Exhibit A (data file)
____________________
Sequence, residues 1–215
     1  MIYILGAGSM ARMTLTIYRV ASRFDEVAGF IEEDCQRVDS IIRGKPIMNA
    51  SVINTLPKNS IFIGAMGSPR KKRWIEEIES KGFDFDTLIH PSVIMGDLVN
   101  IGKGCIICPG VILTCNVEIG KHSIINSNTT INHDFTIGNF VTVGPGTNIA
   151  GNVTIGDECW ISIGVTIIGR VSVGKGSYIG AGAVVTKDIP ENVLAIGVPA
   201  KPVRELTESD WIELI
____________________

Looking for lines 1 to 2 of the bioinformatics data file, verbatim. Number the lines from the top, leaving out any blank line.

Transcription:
Sequence, residues 1–215
     1  MIYILGAGSM ARMTLTIYRV ASRFDEVAGF IEEDCQRVDS IIRGKPIMNA